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The Charitable Donation That Did Not Occur

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If you have a pair of “FCPA goggles” (in other words – knowledge of the FCPA and how it is enforced) you no doubt know that some Foreign Corrupt Practices Act enforcement actions have involved, in whole or in part, charitable donations.

See here and here for the Schering Plough and Eli Lilly enforcement actions involving the Chudow Castle Foundation in Poland, here for the Nu Skin enforcement action, here for the KT Corp. enforcement action, here for the Fresenius enforcement action, and here for the MTS enforcement action.

When an FCPA enforcement action is based on conduct that is otherwise legal and acceptable in most instances, a risk averse compliance response may be to avoid the conduct altogether for fearing of FCPA scrutiny.

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The Charitable Donation That Did Not Occur

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This post was originally published in March 2018 and is one of the best guest posts ever published on this site.

After the introductory comments in italics, the remainder of this post is from Corporate Counsel at a well-known U.S. based publicly traded company.

Do Foreign Corrupt Practices Act enforcement actions based on foreign charitable donations (such as Schering-Plough, Nu Skin Enterprises and several others that include such allegations) represent a net positive or net negative?

The FCPA Guidance contains the unobjectionable statement that companies “cannot use the pretense of charitable contributions as a way to funnel bribes to government officials.” However, seldom are the circumstances as black and white as the government portrays and query whether business organizations, because of this guidance and because of actual FCPA enforcement actions involving charitable donations, have become excessively risk averse and have stopped contributing to humanitarian causes or otherwise pulled back from supporting communities or institutions in need. According to the below guest post, the answer is yes and query whether the world is a better place because of this.

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Issues To Consider From The KT Corp. Enforcement Action

Issues

This recent post highlighted the $6.3 million Foreign Corrupt Practices Act enforcement action against KT Corp. – a South Korea based telecommunications company with American Depositary Shares registered with the SEC and traded on the New York Stock Exchange.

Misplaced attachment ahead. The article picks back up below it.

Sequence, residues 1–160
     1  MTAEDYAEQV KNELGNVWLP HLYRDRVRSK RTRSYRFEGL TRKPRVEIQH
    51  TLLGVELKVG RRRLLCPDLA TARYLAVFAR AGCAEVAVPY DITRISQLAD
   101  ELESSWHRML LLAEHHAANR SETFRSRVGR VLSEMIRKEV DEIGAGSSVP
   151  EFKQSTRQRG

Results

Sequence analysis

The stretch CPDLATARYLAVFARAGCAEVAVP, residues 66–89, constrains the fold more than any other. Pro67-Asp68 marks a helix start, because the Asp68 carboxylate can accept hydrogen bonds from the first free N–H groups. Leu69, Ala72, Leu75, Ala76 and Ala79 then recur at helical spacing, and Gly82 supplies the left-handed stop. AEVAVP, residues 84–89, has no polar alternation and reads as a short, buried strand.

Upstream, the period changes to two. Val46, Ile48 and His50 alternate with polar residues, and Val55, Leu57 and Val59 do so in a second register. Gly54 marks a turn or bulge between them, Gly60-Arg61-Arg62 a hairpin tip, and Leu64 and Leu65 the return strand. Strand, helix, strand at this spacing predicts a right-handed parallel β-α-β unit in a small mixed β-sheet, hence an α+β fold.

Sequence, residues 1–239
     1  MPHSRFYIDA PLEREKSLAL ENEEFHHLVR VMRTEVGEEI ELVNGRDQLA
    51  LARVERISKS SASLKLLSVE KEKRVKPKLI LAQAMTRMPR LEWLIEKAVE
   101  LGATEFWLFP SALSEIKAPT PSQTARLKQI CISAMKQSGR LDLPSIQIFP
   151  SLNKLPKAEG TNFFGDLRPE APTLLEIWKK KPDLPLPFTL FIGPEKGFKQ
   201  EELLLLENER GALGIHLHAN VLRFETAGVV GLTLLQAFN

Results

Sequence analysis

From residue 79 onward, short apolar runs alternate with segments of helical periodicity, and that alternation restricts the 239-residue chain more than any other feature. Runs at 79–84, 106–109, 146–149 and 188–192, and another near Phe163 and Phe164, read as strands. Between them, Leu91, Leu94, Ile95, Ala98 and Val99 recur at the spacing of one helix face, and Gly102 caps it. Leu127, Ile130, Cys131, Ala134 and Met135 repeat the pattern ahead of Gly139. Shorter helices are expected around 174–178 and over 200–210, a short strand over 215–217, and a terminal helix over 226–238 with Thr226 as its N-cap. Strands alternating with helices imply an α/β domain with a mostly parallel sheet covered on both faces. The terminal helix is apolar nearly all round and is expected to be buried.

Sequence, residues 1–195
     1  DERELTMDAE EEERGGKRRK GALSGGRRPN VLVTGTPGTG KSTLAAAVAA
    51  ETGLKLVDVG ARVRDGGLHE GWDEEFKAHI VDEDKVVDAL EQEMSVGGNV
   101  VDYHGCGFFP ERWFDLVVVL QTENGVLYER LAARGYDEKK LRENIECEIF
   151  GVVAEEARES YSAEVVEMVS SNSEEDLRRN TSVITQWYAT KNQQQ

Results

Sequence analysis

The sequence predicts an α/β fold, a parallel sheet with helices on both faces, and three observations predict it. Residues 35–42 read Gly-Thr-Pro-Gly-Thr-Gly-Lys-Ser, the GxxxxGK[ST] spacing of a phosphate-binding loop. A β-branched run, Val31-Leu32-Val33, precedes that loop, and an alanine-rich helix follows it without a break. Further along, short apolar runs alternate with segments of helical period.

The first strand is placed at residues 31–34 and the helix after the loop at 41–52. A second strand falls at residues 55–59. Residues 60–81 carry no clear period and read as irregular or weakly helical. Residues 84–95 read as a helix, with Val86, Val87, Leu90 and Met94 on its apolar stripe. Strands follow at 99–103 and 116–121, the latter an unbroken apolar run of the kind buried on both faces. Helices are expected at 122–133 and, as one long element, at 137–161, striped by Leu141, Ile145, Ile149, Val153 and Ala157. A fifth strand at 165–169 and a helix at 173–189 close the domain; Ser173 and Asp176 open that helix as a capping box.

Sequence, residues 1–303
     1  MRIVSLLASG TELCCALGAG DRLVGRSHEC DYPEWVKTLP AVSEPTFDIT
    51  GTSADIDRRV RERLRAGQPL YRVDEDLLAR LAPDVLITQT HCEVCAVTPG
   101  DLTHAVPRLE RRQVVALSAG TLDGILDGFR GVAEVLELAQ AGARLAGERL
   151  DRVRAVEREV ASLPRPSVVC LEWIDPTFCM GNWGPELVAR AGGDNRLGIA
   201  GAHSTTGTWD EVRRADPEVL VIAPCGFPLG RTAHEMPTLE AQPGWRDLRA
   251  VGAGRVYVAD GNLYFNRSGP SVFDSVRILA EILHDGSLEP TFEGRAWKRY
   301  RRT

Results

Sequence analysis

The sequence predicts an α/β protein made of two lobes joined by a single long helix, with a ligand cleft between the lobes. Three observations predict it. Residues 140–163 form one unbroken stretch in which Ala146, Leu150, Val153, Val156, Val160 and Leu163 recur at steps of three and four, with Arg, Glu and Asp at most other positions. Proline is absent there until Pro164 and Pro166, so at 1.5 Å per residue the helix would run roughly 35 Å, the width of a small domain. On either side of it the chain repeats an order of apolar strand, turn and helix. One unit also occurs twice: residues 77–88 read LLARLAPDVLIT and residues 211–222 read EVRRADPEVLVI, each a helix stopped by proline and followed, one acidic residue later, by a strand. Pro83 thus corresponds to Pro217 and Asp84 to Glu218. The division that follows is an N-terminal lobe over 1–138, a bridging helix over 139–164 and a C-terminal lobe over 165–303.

This post highlights additional issues to consider.

Proper?

In the FCPA’s modern era, much of the largeness of enforcement activity is from enforcement actions against foreign companies from peer OECD Convention countries.

The first corporate FCPA enforcement action of 2022 is another example.

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South Korea’s KT Corp. Resolves $6.3 Million FCPA Enforcement Action

KT

KT Corporation is a Seoul, South Korea based telecommunications company with American Depositary Shares registered with the SEC and traded on the New York Stock Exchange.

Yesterday, the SEC announced that the company agreed to pay $6.3 million “to resolve charges that it violated the Foreign Corrupt Practices Act by providing improper payments for the benefit of government officials in Korea and Vietnam.”

In summary fashion, this administrative order finds:

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A Look At The French Enforcement Action Against Airbus

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Previous posts here and here looked at the U.S. Foreign Corrupt Practices Act enforcement action against Airbus.

This previous post looked at the U.K. Bribery Act enforcement action against Airbus.

This post completes the enforcement trilogy, bylooking at the French enforcement action against Airbus.

Like the prior U.S. and U.K. bribery enforcement action, the French enforcement action against Airbus (see here for the Judicial Public Interest Agreement) focused on the use of business partners in connection with sales or attempted sales in various countries.

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